U.S. President Joe Biden on Tuesday imposed an immediate ban on Russian oil and other energy imports in retaliation for the invasion of Ukraine and Britain said it would phase out imports through the end of 2022.
The European Union did not join the ban because it is more dependent on Russian oil and gas supplies. Gas flows to Europe have so far been steady since the invasion, which Russia calls a “special military operation”, but Moscow on Monday warned that sanctions on Russian oil could prompt it to close a major gas pipeline to Europe.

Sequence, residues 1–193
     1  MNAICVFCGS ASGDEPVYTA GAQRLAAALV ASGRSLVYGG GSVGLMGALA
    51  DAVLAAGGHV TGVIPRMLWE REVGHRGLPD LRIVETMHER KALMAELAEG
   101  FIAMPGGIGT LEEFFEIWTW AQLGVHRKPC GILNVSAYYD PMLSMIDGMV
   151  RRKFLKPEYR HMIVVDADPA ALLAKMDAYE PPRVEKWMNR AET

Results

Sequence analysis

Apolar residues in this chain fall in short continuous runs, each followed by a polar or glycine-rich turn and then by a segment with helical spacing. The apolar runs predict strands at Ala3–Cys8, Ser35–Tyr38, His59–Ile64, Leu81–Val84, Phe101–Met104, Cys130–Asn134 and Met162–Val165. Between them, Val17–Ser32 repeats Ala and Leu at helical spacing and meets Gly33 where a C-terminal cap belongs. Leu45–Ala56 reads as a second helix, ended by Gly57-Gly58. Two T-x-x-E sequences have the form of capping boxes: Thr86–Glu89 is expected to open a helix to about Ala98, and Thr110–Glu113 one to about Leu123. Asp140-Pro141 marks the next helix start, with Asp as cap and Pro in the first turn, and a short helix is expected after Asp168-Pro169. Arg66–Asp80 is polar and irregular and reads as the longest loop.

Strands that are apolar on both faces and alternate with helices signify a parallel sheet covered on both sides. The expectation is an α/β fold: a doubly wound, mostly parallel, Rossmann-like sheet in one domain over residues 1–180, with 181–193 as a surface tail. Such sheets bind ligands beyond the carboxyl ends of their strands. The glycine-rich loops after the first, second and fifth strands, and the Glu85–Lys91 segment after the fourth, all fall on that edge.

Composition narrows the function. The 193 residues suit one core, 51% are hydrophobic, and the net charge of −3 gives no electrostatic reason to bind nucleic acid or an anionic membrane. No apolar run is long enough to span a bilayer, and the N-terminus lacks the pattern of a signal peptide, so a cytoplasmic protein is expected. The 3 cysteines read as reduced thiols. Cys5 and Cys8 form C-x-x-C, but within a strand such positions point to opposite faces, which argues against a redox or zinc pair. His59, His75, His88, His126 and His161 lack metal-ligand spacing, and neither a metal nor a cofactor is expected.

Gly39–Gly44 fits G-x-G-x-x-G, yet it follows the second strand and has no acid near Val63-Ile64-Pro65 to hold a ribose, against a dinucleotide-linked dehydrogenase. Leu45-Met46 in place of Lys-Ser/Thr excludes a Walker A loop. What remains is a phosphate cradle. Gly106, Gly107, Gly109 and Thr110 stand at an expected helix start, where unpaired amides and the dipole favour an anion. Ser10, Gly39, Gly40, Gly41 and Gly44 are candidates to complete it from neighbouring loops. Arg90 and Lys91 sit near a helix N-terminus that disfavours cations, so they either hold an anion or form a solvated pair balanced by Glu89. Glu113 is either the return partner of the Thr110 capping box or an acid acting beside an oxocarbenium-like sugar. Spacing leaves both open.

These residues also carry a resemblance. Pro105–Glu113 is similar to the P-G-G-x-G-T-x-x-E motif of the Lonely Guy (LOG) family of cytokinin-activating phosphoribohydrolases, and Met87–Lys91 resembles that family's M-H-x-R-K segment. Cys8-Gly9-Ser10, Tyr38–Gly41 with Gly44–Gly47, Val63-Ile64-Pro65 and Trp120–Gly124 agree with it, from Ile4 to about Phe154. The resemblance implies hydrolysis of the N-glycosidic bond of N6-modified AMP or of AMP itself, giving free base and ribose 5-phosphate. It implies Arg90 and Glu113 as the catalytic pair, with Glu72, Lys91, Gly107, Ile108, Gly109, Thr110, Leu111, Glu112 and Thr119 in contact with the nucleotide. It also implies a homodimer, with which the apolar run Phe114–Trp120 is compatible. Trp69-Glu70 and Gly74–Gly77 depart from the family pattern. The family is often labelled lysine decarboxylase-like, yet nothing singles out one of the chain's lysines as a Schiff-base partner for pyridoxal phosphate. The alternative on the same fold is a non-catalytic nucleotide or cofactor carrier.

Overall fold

Existing disruption to oil trade, caused by traders steering clear of Russian supplies due to concern they may unwittingly fall foul of sanctions imposed on Russia, is likely to worsen after the U.S. ban, traders said. Buyers will also be concerned about the kind of reputational hit that Shell took at the weekend for buying Russian oil.
Russia exports around 7 million barrels per day of crude and refined fuel, about 7% of global supply.
In 2021, energy was the most imported product by the European Union from Russia, accounting for 62% of total EU imports, or the equivalent of about 99 billion euros ($108 billion).